NEGOTIATING DWI and CRIMINAL PLEA DEALS IN ITHACA, NEW YORK AND SURROUNDING COUNTIES

 

One of the key components in representing a client who is charged with a crime is the PLEA NEGOTIATION

In my experience, 98% of all cases are resolved by plea agreements.  There are a variety of skills needed to maximize the offer for the client. 

In every case, it is important to do the following things before any conversations begin with the prosecutor...

1) Analyze the strengths and weaknesses of your case.  

This may sound obvious, but it is the crucial first step in deciding how hard to push a negotiation.   You must take the case apart piece-by-piece to see where you may have solid defenses.  

In a DWI case, here's a few brief examples: 

  • Was there probable cause to stop the car?  [bad driving, equipment malfunction, etc]
  • Was there reasonable suspicion to ask my client to perform field sobriety tests?  
  • Was there probable cause to search the vehicle?
  • Were the field sobriety tests administered correctly?  
  • Were the FST's given under the NHTSA guidelines? 
  • What was my client's measured BAC level? 
  • Was chemical test calibrated?  When?  
  • Was client given refusal warnings?
  • What evidence of impairment is there?   Could my client operate a vehicle?
  • Was my client coherent?
  • Does my client have any medical problems?
  • Does my client have any speech problems?
  • Does my client have any balance or coordination problems?
  • Did my client say anything to the police?
  • Did the police do their job correctly?  
  • What evidence of operation is there?  Can they prove my client actually operated a vehicle?
  • Was there an accident involving property damage or personal injury?

[the list goes on and on...]

Each case has its own set of unique facts and circumstances so it is important to break it down to see where your best arguments may be.  Legal research may be necessary to see what case law may strengthen your case (or hurts it).

2) What is most important to YOU [the client]? 

Once I am armed with the information about how good/bad your case is --I need to talk to you to see what you're most concerned about.

  • Do you want to avoid jail at all costs?
  • Do you need to retain your driving privileges?
  • Do you want to avoid a criminal record?
  • Do you want to avoid probation but pay a higher fine

Everybody values these things in a different way so it is important to know what you think "is a good deal."   I also try to explain possible vs. probable outcomes at the outset of the case.  It is critical that both attorney and client are on the same page. 

Next step:  Discuss the case with the Prosecutor.  

This is where negotiating is an art form.  I prefer to conduct these negotiations face to face if it's possible.  

In an adversarial justice system like ours --it is important to "know thy enemy."  If you deal regularly with certain prosecutors then you have an idea of what they're likely or not likely to go along with before you walk into the room.  This can be very helpful.

Often the first offer given by the prosecutor is less than ideal.  These offers are usually mailed to the client before the arraignment happens or the client retains an attorney.  I consider them to be a starting point ...but rarely are they the final offer.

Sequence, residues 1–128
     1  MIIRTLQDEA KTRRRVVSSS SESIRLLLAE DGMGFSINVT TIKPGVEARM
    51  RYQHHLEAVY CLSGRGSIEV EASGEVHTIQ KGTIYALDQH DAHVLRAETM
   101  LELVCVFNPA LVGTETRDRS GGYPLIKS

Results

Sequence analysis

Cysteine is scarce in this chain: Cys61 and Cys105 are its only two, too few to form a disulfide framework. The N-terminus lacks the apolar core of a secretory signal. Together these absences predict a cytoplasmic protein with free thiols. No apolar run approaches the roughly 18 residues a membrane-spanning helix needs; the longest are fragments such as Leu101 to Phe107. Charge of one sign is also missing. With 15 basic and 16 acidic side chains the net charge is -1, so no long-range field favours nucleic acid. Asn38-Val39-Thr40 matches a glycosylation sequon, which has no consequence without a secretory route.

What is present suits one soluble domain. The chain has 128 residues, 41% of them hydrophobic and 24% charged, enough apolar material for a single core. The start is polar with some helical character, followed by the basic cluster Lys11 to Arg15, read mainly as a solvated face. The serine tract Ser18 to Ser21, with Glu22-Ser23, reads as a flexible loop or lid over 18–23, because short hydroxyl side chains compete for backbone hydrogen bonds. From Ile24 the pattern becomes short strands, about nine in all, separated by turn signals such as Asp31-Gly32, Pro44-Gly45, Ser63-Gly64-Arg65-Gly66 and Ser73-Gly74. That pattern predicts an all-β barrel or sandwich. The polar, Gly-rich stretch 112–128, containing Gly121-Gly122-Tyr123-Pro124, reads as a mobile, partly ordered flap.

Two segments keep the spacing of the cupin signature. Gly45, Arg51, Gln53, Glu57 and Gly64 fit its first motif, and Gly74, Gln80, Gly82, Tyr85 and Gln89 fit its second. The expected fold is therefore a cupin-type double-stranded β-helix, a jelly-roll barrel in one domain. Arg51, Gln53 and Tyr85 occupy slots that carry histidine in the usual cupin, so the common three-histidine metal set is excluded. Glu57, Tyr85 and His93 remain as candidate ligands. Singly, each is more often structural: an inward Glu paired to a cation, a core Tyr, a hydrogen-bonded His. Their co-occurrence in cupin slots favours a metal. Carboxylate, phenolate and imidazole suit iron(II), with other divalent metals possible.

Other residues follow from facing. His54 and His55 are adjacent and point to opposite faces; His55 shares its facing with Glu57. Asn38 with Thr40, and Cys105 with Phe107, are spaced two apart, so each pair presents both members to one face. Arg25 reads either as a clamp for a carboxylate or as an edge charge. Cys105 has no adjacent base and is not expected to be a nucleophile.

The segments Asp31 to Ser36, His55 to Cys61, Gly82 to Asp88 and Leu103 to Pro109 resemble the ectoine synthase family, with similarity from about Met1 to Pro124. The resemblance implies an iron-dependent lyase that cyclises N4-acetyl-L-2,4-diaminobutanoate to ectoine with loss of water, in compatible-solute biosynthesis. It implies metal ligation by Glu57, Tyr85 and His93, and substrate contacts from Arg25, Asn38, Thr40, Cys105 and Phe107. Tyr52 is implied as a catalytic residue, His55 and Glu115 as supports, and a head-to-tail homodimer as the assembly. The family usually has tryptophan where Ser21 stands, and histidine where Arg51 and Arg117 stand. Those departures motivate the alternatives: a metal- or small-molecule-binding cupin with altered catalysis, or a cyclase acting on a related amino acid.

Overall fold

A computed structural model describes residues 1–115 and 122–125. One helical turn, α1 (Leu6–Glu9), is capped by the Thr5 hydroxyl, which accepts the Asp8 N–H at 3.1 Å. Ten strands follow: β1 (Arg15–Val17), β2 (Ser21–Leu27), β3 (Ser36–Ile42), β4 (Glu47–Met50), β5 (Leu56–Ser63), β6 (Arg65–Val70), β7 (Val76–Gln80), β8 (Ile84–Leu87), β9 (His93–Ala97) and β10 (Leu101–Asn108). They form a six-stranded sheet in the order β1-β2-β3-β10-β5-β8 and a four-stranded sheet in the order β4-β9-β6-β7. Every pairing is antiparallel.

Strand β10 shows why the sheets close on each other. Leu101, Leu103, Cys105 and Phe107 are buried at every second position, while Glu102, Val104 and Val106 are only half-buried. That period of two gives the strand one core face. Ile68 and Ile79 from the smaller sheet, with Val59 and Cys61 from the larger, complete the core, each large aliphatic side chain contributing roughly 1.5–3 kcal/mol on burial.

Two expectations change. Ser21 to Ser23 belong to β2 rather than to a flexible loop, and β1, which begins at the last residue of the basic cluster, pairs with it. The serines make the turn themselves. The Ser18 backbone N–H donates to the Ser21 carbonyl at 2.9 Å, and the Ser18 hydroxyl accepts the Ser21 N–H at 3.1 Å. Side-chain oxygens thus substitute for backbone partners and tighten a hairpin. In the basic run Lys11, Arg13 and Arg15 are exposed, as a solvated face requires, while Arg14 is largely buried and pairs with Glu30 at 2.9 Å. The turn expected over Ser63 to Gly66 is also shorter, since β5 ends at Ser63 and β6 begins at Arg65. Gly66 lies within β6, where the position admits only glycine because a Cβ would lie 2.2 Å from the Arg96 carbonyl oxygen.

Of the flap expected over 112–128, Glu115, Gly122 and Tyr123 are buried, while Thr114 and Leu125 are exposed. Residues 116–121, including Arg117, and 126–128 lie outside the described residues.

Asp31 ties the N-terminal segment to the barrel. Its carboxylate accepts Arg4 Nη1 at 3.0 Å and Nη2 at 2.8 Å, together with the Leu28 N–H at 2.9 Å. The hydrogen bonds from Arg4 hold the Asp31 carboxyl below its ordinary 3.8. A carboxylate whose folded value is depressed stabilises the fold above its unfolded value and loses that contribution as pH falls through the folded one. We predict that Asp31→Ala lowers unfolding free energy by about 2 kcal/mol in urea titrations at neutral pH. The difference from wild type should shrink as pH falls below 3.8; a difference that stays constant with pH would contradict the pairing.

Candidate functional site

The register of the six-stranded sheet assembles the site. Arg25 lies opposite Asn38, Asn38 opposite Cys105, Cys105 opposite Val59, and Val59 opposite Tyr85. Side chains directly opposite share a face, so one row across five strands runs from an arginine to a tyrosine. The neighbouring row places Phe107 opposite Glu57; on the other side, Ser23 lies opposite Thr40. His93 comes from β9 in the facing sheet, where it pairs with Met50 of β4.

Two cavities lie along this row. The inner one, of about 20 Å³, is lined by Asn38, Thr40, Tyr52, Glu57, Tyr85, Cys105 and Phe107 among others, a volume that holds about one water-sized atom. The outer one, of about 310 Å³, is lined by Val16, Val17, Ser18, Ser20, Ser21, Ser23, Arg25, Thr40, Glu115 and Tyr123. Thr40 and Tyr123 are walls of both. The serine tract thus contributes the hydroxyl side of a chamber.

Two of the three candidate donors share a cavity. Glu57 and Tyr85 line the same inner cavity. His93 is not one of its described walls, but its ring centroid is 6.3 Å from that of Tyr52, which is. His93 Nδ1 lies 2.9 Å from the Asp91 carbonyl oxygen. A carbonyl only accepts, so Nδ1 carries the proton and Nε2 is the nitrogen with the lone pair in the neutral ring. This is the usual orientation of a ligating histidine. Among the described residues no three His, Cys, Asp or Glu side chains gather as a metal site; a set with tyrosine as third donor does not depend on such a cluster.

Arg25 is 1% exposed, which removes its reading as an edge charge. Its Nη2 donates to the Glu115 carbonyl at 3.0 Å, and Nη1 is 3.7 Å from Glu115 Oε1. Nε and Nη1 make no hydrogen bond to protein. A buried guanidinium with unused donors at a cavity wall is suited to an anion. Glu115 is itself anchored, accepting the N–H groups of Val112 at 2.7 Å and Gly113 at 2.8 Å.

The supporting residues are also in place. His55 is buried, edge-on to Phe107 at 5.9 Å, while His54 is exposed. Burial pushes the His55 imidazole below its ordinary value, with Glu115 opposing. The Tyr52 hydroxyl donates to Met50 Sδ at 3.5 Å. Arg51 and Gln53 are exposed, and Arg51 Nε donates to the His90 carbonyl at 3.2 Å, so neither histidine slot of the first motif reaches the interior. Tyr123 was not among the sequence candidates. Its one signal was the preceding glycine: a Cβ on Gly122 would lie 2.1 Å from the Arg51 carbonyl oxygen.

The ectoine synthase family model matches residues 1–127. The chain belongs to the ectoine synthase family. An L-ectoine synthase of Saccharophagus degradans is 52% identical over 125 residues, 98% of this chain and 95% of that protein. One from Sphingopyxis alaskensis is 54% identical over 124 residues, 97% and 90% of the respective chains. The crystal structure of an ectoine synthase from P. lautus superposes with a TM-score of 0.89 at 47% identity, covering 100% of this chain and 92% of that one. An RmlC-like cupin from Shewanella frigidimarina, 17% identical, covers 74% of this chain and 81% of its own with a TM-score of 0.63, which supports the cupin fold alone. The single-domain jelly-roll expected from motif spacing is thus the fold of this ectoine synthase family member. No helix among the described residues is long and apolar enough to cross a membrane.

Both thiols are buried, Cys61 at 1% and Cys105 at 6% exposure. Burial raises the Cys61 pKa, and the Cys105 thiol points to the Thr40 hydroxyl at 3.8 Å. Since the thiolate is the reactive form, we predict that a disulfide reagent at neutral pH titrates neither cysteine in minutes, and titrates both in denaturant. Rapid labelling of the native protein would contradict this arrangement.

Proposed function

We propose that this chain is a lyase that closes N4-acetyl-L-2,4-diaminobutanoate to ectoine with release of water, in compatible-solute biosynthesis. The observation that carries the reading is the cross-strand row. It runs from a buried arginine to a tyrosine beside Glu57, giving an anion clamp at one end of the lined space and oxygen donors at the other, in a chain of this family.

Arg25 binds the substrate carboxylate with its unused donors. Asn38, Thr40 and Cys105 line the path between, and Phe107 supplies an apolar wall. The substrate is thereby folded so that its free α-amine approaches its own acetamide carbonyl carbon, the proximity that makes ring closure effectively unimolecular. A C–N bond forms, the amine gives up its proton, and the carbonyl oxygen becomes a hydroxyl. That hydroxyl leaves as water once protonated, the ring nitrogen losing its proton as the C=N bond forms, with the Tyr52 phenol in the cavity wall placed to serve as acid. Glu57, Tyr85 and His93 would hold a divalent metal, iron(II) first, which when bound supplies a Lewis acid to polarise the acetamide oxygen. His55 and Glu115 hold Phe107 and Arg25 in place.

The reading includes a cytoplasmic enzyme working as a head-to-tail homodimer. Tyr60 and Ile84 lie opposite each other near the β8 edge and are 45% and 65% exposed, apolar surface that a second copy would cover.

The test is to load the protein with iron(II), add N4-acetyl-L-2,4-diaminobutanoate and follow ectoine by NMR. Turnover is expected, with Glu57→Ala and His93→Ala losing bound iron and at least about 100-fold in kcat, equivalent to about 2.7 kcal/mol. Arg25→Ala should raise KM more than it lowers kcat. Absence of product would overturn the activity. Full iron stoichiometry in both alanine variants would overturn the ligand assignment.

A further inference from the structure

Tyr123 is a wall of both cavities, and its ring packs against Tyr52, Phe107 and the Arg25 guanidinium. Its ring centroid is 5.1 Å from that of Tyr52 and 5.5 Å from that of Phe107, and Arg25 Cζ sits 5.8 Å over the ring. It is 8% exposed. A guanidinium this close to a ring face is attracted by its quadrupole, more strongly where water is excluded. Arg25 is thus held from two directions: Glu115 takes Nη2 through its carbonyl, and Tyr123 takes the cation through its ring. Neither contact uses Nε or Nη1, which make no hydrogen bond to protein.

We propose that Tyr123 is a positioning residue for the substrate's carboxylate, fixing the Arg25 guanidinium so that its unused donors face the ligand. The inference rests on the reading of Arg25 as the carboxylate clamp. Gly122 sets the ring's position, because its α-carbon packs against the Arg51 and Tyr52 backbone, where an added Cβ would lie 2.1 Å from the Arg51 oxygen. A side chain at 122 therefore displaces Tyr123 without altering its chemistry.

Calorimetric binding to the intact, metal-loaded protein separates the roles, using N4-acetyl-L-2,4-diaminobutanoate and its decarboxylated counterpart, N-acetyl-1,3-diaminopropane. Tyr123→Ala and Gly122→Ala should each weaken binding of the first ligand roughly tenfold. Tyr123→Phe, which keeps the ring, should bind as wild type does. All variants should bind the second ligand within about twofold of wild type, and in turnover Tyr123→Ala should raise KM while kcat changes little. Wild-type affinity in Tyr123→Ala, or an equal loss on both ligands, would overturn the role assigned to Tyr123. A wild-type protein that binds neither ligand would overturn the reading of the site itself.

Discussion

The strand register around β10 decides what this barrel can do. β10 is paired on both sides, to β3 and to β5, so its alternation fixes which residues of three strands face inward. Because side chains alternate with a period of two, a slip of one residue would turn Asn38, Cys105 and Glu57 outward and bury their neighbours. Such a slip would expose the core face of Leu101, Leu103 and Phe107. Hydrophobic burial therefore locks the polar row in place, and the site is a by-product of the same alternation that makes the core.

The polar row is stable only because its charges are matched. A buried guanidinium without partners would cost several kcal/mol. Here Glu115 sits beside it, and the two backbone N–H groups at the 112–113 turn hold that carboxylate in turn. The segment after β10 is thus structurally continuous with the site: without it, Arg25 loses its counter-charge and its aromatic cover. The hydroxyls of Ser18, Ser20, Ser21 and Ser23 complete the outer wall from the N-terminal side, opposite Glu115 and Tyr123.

During the plea negotiation, it is my job to poke holes in the prosecutor's case and show them what arguments I would make given the facts.  If there are significant defenses, I can push hard until the plea offer is something reasonable.  Sometimes pushing a case involves going to a suppression hearing or pre-trial hearings until the prosecutor decides it would not be worth it to try the case to verdict.  My own viewpoint is this:  if you push a case as if you're going to trial -then you better be prepared to try the case.   

On the flip side of the coin, if the facts are bad for my client (and there really aren't many defense options), I will try to focus on the "equities" of the case.  In other words, I will focus on the good things about my client (instead of the facts of the case) when negotiating the plea. 

For example,  I recently had an Aggravated DWI case where my client blew a 0.22% BAC and was involved in two property damage accidents in two places on the same night.  She also admitted to drinking 9 alcoholic beverages before getting behind the wheel.  The facts were bad for her.  

However, during the negotiation I focused on her lack of a criminal history and the fact that she was so honest about her drunk driving and owning up to her mistake when confronted by police.  As a result, the prosecutor went easy on her and she was allowed to plea to a reduced DWI charge (and they dismissed the rest of the charges against her) despite the fact that it would have been relatively easy to convict her at trial on all the original charges.

Ultimately, it is important to consider the case in two lights:  the "big picture" and the "nitty gritty." Both can help give context to a crime and help negotiate a favorable outcome for the client. At the end of the day, my mission is to protect my client the best way possible under the circumstances.

If charged with a DWI or a crime in the Finger Lakes region of New York (Ithaca), call us: 607-229-5184


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